In the News

September 20, 2017
Written by
Rob Daly
Clock Ticks on EU Privacy Regulation - MarketsMedia

Clock Ticks on EU Privacy Regulation

For financial technologists who are looking for a distraction from MiFID II’s January 3, 2018, deadline, firms doing business with EU-based counterparties have less than 250 days to meet the EU’s General Data Privacy Regulation, which goes into effect on May 25, 2018.

he GDPR, which is the largest data privacy overhauls in Europe in the past 20 years, will cast a long regulatory shadow beyond the EU’s borders.

Under Article III of GDPR, if a firm has an establishment in one or more of the EU’s member states or makes use of equipment within one or more of the member nations, it will need to comply.

Unlike previous data privacy regulation, GDPR keeps its criterion of the establishments so that the regulation is applicable to the processing of personal data in the context of the activities of an establishment of the data’s controller, or third-party processor, regardless whether the processing is taking place in the EU or not, Gwendal Le Grand, director of technology and innovation at Commission Nationale de l’Informatique et des Libertés, explained during a webinar on data privacy.

“Basically if you are making business in the EU, you are going to need to comply,” he added.

However, if a company outside of the EU has EU clients, it does not mean that they will be captured by the pending privacy regulation automatically, according to Jules Polonetsky, CEO of Future of Privacy Forum and fellow presenter.

“If you are anywhere in the world and dealing with a person in the EU, you have to do something; the question is: ‘How much,'” he said. “If you are monitoring someone’s behavior, you are swept in. And if you are doing anything to market to EU citizens even though you’ve never stepped foot into the EU or have employees or other connections, you are indeed going to be captured by the regulation.”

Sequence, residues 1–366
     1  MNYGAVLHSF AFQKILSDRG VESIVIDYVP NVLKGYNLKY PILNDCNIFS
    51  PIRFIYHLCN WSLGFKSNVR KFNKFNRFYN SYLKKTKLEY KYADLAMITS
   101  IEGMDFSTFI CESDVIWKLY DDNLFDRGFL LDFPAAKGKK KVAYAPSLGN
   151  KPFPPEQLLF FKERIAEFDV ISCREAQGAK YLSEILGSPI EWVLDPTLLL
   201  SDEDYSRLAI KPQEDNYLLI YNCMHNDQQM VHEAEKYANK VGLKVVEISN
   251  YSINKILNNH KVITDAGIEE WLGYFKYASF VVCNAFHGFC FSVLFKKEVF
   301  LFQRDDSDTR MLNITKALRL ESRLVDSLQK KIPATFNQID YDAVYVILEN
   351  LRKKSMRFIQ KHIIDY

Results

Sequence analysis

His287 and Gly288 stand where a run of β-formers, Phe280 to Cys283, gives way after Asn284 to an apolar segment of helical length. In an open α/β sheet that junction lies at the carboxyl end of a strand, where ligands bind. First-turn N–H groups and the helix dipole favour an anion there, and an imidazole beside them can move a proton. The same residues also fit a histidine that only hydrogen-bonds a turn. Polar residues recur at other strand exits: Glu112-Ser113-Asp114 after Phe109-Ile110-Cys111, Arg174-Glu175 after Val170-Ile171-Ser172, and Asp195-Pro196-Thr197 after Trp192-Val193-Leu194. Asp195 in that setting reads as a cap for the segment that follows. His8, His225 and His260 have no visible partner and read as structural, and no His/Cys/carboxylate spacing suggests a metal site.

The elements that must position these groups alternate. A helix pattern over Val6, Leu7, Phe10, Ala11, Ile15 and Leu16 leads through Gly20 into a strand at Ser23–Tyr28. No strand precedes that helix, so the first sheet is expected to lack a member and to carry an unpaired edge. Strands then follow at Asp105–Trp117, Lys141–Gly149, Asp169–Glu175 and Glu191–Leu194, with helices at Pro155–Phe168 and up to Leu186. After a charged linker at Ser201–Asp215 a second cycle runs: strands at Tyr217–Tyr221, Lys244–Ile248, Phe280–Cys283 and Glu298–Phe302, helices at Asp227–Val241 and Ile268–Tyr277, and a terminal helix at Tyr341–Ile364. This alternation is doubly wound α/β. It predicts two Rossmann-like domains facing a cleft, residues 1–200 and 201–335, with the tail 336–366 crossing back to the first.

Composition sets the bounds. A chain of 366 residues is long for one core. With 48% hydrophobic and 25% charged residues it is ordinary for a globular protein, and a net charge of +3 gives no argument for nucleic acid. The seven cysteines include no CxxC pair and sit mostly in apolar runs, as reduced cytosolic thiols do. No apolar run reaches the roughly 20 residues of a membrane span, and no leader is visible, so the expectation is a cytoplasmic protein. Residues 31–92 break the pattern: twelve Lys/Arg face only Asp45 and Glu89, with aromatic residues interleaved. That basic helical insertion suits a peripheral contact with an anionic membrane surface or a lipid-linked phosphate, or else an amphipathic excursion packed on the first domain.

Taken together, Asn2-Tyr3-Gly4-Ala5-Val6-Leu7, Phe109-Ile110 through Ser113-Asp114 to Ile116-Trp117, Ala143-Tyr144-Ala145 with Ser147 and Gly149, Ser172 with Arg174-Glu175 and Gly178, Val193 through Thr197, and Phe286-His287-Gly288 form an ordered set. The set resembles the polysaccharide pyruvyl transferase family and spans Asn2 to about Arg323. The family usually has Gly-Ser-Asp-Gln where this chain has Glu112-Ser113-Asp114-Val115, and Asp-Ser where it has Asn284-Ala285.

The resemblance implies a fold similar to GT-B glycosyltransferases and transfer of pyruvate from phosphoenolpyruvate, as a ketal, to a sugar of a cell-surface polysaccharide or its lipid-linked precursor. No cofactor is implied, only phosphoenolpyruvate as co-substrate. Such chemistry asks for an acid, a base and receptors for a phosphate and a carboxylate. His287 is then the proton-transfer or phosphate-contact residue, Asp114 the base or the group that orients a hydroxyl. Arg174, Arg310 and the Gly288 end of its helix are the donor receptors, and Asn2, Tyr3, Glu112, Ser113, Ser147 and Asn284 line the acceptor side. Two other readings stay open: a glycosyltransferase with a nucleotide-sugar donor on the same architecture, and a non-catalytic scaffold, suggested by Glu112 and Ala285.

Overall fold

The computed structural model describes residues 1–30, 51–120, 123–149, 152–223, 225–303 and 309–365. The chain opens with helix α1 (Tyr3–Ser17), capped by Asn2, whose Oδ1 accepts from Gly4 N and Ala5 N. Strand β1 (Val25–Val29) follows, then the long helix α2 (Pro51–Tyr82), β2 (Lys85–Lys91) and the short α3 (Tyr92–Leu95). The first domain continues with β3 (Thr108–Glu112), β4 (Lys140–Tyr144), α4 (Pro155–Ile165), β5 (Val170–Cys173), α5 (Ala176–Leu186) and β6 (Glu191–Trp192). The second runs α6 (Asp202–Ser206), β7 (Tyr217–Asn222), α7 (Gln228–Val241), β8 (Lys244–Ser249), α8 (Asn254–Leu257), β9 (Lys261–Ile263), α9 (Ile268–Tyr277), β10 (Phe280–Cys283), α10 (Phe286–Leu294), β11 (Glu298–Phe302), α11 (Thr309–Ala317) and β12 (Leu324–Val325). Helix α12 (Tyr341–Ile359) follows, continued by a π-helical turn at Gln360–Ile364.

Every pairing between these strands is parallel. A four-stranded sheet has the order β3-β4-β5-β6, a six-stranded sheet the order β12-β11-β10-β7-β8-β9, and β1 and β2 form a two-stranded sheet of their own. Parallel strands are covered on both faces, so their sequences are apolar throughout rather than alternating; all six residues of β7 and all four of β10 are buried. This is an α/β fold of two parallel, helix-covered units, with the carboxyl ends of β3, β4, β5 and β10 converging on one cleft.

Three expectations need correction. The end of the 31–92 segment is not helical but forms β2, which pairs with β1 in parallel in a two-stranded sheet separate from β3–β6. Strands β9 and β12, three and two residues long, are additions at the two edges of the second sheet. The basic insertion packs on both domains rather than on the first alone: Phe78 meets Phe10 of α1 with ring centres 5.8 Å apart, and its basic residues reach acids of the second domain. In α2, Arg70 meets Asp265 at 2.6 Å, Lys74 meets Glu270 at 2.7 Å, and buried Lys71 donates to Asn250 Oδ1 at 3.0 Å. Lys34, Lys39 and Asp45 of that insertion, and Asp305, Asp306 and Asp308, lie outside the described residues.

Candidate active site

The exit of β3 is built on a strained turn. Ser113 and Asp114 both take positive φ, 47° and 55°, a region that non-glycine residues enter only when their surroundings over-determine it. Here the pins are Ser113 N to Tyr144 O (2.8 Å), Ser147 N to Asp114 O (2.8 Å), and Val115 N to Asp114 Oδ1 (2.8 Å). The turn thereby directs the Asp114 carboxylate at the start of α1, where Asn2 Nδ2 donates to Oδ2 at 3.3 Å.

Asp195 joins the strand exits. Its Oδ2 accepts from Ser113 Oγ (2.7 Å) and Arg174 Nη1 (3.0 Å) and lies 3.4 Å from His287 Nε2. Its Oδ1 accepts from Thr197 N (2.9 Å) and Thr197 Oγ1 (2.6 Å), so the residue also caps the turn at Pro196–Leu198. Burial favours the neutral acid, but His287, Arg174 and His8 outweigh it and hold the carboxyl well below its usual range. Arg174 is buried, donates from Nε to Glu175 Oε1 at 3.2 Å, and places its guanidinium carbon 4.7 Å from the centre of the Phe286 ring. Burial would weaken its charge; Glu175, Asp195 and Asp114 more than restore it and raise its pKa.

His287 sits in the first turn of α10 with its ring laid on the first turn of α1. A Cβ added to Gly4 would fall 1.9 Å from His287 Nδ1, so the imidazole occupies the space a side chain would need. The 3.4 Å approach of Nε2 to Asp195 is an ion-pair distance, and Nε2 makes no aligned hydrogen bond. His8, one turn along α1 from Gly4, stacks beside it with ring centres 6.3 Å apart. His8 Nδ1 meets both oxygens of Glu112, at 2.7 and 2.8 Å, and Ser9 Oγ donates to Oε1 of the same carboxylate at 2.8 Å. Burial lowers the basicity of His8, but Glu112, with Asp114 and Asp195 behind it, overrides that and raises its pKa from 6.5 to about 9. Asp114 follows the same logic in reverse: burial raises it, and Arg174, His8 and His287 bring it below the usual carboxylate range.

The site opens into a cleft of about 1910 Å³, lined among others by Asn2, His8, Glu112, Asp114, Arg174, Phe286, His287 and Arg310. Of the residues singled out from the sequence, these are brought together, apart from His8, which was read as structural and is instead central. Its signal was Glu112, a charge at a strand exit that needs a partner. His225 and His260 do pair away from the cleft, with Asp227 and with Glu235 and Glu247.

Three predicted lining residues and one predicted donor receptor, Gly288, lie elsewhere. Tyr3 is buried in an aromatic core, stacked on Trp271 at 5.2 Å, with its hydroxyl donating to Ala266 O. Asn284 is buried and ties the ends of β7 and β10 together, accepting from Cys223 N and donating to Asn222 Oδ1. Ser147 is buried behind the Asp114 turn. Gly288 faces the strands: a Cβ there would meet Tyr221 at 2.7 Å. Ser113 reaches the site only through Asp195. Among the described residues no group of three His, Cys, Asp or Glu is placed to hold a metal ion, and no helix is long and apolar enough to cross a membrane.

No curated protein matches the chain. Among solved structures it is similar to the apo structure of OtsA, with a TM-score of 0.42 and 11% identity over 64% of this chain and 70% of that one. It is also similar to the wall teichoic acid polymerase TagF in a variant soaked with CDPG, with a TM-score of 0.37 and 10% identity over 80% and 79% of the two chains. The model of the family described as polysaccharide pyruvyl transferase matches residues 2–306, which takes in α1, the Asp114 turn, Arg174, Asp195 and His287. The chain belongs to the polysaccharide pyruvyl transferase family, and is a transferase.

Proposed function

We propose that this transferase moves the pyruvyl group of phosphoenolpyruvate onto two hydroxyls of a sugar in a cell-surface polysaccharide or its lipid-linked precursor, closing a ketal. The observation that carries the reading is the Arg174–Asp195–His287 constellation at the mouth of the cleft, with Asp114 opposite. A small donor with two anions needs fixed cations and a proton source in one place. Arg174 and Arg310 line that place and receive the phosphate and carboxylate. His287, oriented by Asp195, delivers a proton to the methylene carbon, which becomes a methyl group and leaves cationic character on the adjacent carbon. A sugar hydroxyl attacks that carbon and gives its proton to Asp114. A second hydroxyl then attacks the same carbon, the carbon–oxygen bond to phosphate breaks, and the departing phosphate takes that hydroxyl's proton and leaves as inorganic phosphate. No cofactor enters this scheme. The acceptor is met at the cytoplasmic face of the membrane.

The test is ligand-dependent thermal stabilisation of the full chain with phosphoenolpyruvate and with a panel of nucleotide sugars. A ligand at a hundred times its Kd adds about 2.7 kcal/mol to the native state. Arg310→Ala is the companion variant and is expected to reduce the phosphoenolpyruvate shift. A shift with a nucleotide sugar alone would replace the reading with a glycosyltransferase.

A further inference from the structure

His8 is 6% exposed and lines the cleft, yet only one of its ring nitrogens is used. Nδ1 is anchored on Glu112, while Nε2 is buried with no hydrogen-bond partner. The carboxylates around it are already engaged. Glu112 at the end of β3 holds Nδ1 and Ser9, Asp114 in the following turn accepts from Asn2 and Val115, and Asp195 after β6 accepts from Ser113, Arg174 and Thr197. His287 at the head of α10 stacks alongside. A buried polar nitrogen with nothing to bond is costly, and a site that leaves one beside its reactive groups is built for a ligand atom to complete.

The GDPR defines personal data as any data that can be used to directly or indirectly identify a natural person-name, photo, email address, bank details, medical records, social media identifier, static IP or MAC address.v

The regulation also does away with the broad-based privacy consent that businesses typically have used and offers no grandfathering for existing personal data, according to Gary LaFever, co-founder and CEO of data privacy vendor Anonos.

Firms with data lakes or warehouses will need to address the existing data, he noted.

“Either the firm can have the user re-consent to a new privacy policy, or they may need to be anonymized or pseudo-anonymized the data,” said LaFever. “Something has to be done to those data sets because those data sets do not reflect lawful permitted collected data,” he added.

The EU has given regulators a hefty cudgel to ensure business comply with the regulation. Depending on the nature of the infraction, regulators could fine the offending firm the greater of 20 million euros or 4% of its global revenu

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